A massive campaign has been launched in the US to call on American families to get newfangled "pets". Not particularly "fluffy", but very well advertised. This role will be played by the Ukrainians who have taken shape as refugees.
Of course, we should not forget that as a result of the consequences of the unfolding hostilities, many Ukrainians really found themselves in an extremely difficult situation. Left without housing, work and with a minimum of personal property, they are forced to flee abroad and are in dire need of help. But a number of criteria of the American program for the reception of refugees from Ukraine compels us to evaluate it as a predominantly propaganda gesture. This is evidenced by such circumstances as shifting the care of refugees to private "sponsors", the strict limitation of the period of stay of refugees in the United States and the many prescribed grounds that allow dumping the "ballast" of dubious dependents back to Europe or to "ridna Nenka".
The Biden administration recently officially unveiled its plan to accept a small fraction of the millions of Ukrainian refugees "honoured" to be admitted to the United States. In addition to the comparative smallness of the “quota” itself (up to 100 people), there are also special key conditions that govern the admission of potential Ukrainian refugees at the stage of consideration of the application.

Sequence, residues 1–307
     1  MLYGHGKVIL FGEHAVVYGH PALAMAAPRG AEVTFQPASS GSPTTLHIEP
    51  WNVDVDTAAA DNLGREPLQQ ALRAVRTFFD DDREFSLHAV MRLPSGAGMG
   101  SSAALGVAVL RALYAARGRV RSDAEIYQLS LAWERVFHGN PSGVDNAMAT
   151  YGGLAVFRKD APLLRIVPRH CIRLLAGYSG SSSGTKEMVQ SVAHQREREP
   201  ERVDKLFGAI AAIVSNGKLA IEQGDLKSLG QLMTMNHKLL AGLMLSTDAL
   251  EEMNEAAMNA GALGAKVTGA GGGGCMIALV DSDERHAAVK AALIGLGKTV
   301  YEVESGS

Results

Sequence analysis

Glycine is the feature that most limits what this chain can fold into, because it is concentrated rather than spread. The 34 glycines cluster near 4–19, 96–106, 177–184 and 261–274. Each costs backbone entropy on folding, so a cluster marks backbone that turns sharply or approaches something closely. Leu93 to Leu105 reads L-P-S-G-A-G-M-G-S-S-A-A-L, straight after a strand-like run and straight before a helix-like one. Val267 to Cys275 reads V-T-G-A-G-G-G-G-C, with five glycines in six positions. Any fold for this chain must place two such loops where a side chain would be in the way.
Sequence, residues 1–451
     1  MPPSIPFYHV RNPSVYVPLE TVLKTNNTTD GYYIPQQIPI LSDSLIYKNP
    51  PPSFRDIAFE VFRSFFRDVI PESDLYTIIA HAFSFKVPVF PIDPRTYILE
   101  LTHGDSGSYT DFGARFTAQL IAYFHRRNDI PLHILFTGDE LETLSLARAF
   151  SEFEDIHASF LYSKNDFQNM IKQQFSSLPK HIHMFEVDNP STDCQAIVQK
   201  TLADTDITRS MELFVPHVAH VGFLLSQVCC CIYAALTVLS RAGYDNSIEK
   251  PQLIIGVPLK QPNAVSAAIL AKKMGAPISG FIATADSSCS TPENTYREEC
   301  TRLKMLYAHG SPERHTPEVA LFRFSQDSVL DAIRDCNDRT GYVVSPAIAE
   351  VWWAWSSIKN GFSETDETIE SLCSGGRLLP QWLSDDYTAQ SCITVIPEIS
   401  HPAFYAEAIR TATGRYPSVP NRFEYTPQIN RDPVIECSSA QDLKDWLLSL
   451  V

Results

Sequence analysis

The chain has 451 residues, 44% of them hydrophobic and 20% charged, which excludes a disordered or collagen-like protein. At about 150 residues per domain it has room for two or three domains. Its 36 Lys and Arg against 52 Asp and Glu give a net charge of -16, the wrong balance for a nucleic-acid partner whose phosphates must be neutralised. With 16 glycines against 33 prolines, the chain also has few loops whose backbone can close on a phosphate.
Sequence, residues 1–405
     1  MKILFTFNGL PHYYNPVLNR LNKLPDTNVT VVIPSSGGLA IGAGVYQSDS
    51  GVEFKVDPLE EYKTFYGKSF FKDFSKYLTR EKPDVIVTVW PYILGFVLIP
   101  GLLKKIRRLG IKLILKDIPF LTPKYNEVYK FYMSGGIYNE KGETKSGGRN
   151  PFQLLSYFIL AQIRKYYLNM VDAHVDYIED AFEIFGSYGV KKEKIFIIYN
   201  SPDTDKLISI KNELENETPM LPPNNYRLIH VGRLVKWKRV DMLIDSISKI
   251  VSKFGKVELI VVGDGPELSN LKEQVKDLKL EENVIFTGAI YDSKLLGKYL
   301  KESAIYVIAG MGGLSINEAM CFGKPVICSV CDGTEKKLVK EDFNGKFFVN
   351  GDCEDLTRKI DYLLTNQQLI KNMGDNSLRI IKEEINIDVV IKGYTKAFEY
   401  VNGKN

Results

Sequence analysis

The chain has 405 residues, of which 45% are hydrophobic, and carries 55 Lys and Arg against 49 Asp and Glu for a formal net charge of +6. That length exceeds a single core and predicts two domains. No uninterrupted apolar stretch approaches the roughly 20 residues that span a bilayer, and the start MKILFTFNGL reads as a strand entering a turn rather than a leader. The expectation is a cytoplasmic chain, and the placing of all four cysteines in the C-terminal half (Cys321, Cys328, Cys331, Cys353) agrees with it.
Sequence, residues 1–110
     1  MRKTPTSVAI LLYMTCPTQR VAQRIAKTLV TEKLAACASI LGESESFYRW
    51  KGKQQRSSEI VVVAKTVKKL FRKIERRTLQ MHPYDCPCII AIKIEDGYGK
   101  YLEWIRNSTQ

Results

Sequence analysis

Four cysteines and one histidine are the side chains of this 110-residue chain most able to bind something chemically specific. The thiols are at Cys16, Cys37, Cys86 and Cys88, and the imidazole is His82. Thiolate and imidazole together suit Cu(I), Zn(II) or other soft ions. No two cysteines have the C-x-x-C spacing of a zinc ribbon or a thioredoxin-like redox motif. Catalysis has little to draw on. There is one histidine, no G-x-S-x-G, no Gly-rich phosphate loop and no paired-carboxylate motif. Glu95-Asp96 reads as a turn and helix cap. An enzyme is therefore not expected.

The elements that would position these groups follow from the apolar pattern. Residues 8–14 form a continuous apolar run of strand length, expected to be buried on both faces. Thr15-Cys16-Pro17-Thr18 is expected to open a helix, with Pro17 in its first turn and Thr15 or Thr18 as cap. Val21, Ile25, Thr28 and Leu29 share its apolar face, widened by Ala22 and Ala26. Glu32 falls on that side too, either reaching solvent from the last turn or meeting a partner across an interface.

Ukrainian applicants, in order to be eligible for the US Refugee Admission Program, must be resident in Ukraine as of February 11, 2022, undergo vaccinations and other US public health requirements, as well as various security screenings. Ukrainians who are recognized as "meeting the established requirements" will be allowed into the country for up to two years. Once in the US, they will be able to apply for a work permit.
The first thing you need is a "sponsor"
The program, pompously titled Unity for Ukraine, allows individuals and private groups to sponsor or offer temporary protection to Ukrainians displaced by the ongoing conflict. Any Ukrainian applicants are required to have a "sponsor" in the US.
To serve as a "sponsor" in the Ukrainian Refugee Admission Program, individuals must be US citizens or residents with legal status in the United States. This is established by a document approved by USCIS (United States Citizenship and Immigration Services).